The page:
• by geekoid (135745)

        Yeah, those 100's of million of people can't find a way to send a message in facebook. The problem is that facebook is popular and you hate whatever is popular.
        .

        • A site that had been coded by someone else used graph.facebook.com for some data. The service was down today (again), and managed to bring down the site.

          So, a few minutes to code around it, and a proposal to permanently remove it and replace it with something better :-)

          Failbook makes me look good.

    • by Dhalka226 (559740)
      You have a point about the Internet supposedly replacing paper, but if you think delivering direct-mail advertisements is evil then I would suggest you look for some perspective.
      • by dangitman (862676)

        You have a point about the Internet supposedly replacing paper, but if you think delivering direct-mail advertisements is evil then I would suggest you look for some perspective.

        Firstly, I never actually outright declared it to be evil. Personally, I don't really believe in the concept of evil, but apparently Google does, or they never would have mentioned the word in their mission statement, so that kind of of sets off alarm bells in the first place.

        Secondly, it's not about the actual delivering of direct-mail advertising. It's about the encouragement thereof. It's also about value statements. The companies that mail junk advertising aren't claiming to be bastions of goodness. The

  • by vegiVamp (518171)
    I do hope this is opt-in. You know, don't be evil and all that.
  • by slasho81 (455509) on Friday October 22, 2010 @06:05AM (#33983862)
    What about do no evil? Junk mail is very evil.
    • do no evil never works for a US corp.

      the biggest con in recent times is google 'convincing' tech geeks that they are a Good Guy(tm).

      come on, people. haven't you learned to sort out the doublespeak yet?

      google is an advertising company. we used to hate those. many of us are not fooled by the eye candy and know google to be just another money-grubbing company in the valley, exploiting its youth-oriented workforce and annoying people left and right with all the advertising that goes on.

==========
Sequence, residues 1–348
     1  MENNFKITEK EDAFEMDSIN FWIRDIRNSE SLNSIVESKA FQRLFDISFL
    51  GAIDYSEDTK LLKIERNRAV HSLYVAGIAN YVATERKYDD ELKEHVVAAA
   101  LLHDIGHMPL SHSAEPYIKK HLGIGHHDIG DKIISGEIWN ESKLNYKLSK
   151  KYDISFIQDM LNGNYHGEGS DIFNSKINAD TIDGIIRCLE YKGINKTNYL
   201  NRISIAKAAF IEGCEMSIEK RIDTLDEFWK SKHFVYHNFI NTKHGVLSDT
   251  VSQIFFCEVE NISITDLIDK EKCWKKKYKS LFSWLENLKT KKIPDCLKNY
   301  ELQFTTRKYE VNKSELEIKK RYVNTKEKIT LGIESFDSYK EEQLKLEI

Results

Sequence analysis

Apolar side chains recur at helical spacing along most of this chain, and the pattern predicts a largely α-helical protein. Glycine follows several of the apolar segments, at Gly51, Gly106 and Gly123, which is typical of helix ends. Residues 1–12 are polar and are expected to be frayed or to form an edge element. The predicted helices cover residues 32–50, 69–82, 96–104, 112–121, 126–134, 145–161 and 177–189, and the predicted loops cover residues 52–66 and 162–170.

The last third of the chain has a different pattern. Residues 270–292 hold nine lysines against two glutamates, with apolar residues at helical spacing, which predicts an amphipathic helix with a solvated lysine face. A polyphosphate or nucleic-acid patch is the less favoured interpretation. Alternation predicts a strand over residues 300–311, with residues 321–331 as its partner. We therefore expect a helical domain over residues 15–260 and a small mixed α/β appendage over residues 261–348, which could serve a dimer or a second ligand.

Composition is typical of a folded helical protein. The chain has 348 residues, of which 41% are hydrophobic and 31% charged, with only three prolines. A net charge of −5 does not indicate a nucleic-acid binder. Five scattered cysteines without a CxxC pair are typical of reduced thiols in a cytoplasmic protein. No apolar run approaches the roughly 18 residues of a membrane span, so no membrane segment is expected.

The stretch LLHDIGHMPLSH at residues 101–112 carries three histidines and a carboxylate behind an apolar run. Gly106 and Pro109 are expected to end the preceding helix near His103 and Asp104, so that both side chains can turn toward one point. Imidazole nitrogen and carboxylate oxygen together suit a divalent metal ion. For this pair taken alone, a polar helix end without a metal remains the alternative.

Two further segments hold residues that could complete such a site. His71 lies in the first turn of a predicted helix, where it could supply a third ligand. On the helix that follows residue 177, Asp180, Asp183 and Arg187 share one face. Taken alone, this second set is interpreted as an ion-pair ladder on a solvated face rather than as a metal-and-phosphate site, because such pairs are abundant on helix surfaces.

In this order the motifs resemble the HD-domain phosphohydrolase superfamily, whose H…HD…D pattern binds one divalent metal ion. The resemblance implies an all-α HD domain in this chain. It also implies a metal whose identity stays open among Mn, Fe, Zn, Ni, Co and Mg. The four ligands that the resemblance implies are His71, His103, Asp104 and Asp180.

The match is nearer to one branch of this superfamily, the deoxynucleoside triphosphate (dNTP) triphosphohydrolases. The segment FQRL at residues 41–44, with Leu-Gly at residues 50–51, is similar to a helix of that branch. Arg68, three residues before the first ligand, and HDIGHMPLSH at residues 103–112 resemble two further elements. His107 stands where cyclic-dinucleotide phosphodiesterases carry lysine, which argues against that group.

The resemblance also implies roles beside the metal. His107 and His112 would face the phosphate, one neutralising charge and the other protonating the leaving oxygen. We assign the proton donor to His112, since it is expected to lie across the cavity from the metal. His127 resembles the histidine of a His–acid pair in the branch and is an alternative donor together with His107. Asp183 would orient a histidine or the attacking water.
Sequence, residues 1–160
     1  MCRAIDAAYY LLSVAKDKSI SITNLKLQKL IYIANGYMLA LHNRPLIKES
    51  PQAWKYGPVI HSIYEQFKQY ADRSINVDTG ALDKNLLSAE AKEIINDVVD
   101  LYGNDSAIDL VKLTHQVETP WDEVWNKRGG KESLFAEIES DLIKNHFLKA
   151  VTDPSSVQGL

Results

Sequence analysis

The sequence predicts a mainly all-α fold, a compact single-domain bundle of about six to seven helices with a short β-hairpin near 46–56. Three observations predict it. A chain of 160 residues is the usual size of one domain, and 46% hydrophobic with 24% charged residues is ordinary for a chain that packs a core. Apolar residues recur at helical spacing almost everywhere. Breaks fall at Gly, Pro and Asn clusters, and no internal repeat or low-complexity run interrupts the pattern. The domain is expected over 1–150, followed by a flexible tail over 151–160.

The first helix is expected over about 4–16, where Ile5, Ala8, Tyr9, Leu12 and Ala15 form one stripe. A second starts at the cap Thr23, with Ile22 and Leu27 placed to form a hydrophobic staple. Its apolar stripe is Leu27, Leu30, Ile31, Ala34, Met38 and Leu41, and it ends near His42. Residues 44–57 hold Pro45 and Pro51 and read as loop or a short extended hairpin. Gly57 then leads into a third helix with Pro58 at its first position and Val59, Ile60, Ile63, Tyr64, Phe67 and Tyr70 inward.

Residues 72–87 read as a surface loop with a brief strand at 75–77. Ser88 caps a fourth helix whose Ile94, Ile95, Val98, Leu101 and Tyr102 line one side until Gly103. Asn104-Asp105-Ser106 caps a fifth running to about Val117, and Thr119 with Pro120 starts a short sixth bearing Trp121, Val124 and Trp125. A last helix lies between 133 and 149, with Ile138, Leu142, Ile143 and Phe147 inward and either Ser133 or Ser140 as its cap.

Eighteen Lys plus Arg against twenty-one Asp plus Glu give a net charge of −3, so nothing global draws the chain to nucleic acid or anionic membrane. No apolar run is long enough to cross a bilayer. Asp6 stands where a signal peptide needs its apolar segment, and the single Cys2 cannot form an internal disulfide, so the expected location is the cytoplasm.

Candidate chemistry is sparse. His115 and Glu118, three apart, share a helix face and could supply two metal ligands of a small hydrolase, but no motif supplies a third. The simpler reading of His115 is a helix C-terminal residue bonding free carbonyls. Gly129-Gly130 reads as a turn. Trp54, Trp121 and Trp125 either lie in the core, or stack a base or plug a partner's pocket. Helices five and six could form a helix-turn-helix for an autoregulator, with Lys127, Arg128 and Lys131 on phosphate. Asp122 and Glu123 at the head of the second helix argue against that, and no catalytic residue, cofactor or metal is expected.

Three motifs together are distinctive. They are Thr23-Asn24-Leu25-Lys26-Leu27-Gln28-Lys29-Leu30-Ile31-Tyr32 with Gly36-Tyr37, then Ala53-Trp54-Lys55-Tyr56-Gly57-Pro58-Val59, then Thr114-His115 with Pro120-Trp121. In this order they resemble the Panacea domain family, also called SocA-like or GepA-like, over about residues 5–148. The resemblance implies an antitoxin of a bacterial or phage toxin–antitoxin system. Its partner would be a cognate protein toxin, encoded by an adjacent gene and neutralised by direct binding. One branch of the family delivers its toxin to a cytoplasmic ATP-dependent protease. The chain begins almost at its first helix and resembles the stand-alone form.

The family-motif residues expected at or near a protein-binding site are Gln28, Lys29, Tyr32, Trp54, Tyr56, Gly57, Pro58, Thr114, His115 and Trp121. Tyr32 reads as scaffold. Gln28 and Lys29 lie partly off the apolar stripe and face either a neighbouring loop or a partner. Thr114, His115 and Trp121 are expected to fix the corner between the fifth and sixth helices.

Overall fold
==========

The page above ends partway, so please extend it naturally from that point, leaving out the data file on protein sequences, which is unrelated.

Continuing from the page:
I don't know about you

  • I was just this very moment thinking of sending flyers. Being able to select and order a campaign easily is worth much to me.

    Ill be sure to try this out as soon as its released.

  • "Great" (Score:2, Insightful)

    by Daerath (625570)
    Just what the world needs. More paper-based junkmail. Google is starting to look like Obama
  • In analogy with their gmail service, they will be allowed, per the license agreement, to open our packets and perform data mining. And this will of course improve our user experience.

  • by eyenot (102141)

    This is all part of Google's genius "let's get hated" national/international market strategy.

  • Google is trying to fatten up the long thin tail.

  • This is the beginning of the end of the unwanted junk mail, the trees are rejoicing!
  • by Snaller (147050)

    I thought you would mail them a search query and they would mail you a result back.

    That could revive the dying postal industry!

  • I find it hallarious that Google makes an April Fools Day joke about taking Gmail to paper back in 2007, and then actually gets into the buisness for real now! They even say in their fake advertisement that they fill finance the operation with unobtrusive advertisements. Google Mail [slashdot.org]
    • by Ancantus (1926920)
      Make that mail.google.com/mail/help/paper/more.html , for some reason my html attempt redirected it to slashdot instead. I also cant paste anything into the text field either.